Disclaimer: This article should not be considered to be legal advice, and altHR is not liable for any actions taken based on this article.
Most of us, at some point in our careers, have undergone an internship in Malaysia — which means that most of us are also aware of the often meagre allowances that interns are generally paid in Malaysia. According to Jobstreet’s numbers, the average salary for an intern in Malaysia stands at RM1,200, but many interns report monthly allowances of less than RM1,000, or even unpaid internships.
Of course, an internship is a chance for students or fresh graduates to gain valuable industry experience, and a certain amount of training and supervision is usually required. However, something worth keeping in mind is the cost of living in the capital city of Kuala Lumpur — estimated at nearly three times the minimum wage of RM1,200.
If you’re thinking of hiring a new batch of interns for your business, this one's for you. In today’s article, let’s take a look at the law behind interns, and intern pay.
The first thing to consider is whether interns are covered by the Employment Act 1955, which is the law governing a large percentage of employees in West Malaysia. Here, we’ll take a look at the First Schedule of the Act, which defines an employees as:
According to the Act, apprenticeship contracts are considered to be contracts of service. However, most interns won’t be covered by this provision, as apprenticeships need to be backed up with a written contract for at least 2 years.
As such, it appears that interns that undergo attachments of less than 2 years are not covered by the Employment Act 1955, which means that other statutory employee benefits — such as leave entitlements — are not applicable here.
If you aren’t familiar with the legalities, the National Wages Consultative Council Act 2011 is the law that gives legal authority to the Minimum Wages Order — which dictates that minimum monthly wages should be RM1,200 in select areas in Malaysia.
However, when defining an “employee”, the Act refers back to the First Schedule of the Employment Act 1955. As we discussed earlier, this does not cover interns. Consequently, it appears that interns in Malaysia will not be able to rely on the official minimum wage in Malaysia to further their case for a healthier monthly allowance.
The law in Malaysia is still remarkably quiet on this. As such, interns are advised to examine the terms of their internship agreements carefully before beginning internships with companies.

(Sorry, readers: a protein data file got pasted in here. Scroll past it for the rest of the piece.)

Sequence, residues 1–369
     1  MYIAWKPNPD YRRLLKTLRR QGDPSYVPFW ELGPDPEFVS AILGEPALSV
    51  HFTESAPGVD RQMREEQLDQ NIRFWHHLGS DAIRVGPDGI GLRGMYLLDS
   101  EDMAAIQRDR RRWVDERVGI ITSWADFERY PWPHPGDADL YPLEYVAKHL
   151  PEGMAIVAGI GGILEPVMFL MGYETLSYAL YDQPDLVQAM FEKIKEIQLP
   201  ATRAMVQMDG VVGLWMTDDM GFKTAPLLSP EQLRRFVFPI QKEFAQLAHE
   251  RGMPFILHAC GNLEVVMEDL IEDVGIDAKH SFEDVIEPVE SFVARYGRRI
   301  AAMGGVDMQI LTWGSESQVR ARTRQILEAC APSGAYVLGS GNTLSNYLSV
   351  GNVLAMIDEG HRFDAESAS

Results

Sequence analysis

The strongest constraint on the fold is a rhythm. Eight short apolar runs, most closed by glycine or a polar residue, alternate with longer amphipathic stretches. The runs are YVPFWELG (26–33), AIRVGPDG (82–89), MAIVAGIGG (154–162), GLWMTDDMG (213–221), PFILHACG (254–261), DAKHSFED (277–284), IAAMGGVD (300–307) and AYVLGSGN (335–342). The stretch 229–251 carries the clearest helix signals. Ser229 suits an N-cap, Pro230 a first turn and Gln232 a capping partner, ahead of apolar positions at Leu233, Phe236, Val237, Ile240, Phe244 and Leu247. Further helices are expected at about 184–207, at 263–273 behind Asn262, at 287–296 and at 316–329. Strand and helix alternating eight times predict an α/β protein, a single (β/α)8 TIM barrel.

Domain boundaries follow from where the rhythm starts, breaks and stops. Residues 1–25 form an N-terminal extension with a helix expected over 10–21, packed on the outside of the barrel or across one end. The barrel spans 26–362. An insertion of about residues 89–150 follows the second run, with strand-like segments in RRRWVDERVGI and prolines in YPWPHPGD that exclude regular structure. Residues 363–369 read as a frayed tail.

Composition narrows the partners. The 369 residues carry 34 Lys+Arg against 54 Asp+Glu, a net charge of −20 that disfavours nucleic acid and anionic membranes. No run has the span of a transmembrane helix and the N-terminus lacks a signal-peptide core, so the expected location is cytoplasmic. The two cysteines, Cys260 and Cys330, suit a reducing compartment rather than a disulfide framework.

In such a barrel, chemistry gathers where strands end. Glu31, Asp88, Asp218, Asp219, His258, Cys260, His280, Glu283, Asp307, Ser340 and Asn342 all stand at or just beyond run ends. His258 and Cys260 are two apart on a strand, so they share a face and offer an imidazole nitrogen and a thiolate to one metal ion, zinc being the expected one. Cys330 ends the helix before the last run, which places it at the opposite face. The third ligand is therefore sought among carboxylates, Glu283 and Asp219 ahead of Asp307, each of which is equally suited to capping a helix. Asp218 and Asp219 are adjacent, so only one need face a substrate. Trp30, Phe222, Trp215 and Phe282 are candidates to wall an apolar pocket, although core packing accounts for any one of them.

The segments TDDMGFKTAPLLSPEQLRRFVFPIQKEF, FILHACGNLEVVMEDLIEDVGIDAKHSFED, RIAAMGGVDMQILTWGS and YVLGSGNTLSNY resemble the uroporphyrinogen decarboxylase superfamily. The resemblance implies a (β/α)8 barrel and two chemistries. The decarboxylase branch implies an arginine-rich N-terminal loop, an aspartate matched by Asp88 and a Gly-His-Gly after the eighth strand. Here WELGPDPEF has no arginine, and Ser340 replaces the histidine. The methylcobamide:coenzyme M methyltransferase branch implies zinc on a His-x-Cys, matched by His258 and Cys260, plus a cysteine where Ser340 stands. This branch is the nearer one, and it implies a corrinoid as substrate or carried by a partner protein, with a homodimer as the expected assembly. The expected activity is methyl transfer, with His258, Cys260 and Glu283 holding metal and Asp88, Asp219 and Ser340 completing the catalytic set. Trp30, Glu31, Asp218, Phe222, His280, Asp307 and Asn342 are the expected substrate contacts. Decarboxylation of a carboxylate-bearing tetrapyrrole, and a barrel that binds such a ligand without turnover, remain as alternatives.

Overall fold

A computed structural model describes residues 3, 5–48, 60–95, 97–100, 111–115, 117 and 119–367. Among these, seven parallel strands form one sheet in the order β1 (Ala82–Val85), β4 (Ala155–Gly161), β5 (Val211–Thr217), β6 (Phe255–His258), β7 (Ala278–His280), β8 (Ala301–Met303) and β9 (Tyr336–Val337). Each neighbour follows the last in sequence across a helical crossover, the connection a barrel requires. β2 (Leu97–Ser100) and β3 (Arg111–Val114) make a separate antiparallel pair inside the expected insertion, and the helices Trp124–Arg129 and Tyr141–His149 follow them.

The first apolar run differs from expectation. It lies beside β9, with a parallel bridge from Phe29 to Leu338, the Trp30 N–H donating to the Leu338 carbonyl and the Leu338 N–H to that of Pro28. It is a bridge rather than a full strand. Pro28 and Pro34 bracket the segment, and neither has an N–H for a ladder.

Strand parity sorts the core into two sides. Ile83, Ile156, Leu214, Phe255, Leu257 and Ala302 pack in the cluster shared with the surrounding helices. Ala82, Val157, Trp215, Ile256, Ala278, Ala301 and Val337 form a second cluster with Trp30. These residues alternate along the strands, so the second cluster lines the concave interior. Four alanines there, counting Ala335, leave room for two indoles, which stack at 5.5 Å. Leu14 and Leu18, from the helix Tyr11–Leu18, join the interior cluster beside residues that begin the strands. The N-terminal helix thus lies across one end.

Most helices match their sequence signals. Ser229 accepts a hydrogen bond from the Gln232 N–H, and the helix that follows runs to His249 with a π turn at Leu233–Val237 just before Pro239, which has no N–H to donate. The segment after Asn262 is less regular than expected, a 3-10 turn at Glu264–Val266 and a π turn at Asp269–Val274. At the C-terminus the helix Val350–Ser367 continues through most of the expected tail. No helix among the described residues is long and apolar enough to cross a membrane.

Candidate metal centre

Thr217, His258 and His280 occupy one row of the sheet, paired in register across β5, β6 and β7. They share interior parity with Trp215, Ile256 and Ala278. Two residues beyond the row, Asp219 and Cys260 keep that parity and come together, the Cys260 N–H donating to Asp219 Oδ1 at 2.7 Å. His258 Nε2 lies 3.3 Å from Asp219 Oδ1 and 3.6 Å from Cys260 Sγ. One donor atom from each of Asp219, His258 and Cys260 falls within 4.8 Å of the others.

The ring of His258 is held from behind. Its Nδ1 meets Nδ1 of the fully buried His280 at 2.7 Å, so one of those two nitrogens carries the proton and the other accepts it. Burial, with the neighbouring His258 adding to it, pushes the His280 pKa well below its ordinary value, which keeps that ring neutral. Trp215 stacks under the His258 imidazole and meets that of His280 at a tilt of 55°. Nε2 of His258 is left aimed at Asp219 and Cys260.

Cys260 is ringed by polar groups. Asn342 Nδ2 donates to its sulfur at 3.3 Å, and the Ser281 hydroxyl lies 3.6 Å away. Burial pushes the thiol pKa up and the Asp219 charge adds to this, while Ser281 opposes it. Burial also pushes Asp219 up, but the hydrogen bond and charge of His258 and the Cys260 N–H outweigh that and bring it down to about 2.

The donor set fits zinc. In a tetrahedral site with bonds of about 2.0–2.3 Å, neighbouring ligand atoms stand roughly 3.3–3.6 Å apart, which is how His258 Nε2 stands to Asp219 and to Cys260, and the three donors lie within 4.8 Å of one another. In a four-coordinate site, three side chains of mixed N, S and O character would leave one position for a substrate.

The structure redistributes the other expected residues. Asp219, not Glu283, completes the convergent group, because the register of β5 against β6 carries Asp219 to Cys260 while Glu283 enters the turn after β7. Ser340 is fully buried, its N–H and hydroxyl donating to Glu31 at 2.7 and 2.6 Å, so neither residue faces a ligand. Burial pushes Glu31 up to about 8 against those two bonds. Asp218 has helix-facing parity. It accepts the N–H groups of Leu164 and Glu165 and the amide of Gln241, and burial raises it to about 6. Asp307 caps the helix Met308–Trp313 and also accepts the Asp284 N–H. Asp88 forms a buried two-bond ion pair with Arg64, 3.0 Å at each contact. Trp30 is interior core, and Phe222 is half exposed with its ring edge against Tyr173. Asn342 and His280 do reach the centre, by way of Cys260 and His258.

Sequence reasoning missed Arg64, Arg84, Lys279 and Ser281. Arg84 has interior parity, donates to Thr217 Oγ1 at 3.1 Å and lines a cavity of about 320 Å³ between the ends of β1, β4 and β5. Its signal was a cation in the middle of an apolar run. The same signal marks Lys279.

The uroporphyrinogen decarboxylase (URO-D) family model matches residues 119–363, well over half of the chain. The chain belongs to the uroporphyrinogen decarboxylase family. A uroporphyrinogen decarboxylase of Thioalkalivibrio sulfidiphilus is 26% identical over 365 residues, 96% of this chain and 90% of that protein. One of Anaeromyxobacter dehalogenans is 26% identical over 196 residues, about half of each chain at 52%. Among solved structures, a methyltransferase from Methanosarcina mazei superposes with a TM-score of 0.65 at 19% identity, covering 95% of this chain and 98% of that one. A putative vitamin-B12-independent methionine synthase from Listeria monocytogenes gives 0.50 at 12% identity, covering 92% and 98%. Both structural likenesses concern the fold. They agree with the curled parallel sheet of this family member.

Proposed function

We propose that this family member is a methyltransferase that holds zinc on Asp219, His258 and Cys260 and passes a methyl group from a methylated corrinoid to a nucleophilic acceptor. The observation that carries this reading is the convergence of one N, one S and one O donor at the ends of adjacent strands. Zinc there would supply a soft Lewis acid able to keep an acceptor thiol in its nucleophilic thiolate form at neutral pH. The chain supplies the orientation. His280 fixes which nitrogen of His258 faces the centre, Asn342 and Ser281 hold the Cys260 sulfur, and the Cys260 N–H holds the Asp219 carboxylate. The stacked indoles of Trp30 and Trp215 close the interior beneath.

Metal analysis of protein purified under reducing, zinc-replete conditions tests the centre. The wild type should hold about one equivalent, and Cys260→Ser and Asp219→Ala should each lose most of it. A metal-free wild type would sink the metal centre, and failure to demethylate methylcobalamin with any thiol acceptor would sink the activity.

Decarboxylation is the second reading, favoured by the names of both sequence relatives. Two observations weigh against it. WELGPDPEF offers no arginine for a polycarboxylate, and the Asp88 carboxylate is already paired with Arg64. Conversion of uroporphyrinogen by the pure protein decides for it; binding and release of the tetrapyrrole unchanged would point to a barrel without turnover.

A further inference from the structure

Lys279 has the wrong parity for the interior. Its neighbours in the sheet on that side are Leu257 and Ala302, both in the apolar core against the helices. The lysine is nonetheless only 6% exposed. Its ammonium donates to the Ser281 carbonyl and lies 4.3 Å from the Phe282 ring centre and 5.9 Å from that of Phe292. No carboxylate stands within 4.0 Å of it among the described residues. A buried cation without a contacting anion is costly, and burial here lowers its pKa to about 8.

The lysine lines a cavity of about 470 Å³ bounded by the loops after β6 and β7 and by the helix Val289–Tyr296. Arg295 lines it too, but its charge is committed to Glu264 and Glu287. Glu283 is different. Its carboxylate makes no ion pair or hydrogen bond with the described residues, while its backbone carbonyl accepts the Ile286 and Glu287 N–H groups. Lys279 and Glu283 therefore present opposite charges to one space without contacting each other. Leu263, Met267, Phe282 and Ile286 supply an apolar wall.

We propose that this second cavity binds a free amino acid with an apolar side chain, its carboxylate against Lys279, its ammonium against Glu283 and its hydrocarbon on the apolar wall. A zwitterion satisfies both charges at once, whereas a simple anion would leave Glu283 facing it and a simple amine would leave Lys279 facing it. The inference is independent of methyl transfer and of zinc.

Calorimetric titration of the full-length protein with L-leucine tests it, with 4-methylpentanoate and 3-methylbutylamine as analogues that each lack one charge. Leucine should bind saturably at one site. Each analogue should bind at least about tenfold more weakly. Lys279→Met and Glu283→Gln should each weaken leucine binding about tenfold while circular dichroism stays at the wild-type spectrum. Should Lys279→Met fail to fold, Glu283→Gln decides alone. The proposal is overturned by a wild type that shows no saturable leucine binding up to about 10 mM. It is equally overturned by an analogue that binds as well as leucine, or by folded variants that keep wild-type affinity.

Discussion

However, some progress was made back in 2019, where the then-Youth and Sports Minister, Syed Saddiq, announced that the minimum allowance for internships at federal government departments had been increased to RM900 per month.
This, however, has not been reflected in the private sector. As employers, however, you should always remember that interns are not simply affordable labour. Internships are an opportunity for students to learn and grow, while an internship programme can also be a useful tool for employers to recruit high-potential candidates at the entry level.
Keeping track of everything can be a challenge, particularly for employers and HR departments of SMEs. Consequently, it’s crucial for Malaysian businesses of all sizes to digitalise their HR processes. Calculating payroll can be an arduous, tedious task for even the most experienced of HR professions — but it doesn’t have to be, with Digi’s super app, altHR.
Besides the automation of various other HR processes, altHR comes with a Payroll module that helps employers keep track of all forms of employee remuneration, while automatically calculating monthly salary deductions. This covers EPF contributions, as well as SOCSO, EIS, and monthly income tax (MTD/PCB) deductions also included.
These deductions are also automatically adjusted when employers make changes to monthly remuneration of employees, including incentives, bonuses, and other allowances. This automation frees up time for HR professionals to focus on other important matters to the business, while ensuring that monthly payroll is calculated accurately for all employees.
There’s even the option to categorise permanent and fixed-term contract employees, so HR professionals can easily distinguish between them — and process payroll accordingly.
The best bit? Everything is seamlessly integrated with the other modules within altHR, such as Documents, and Expenses. For example, once payroll has run for the month, admins have the option to send payslips to the Documents module — all within altHR.
Additionally, the account can also be set to send automated emails, so employees are notified the moment payslips are available. And finally, digital copies of payslips are always available — to employees via the Documents module, and admins via the Payroll admin panel.
HR professionals are often faced with daunting, often tedious tasks on a daily basis — tasks that have become even more difficult to handle in light of the ongoing COVID-19 situation.
But help is available, if you know where to look. We can streamline your HR processes by managing and automating all of your day-to-day tasks, so you won’t have to worry about things like paperwork, privacy concerns, time-tracking, or onboarding challenges.
Sign up for altHR, the all-in-one digital solution that covers everything from payroll and onboarding, to staff management and providing employees with information kits. You’ve done it the old way long enough.
If you are interested to learn more about altHR, find out more here.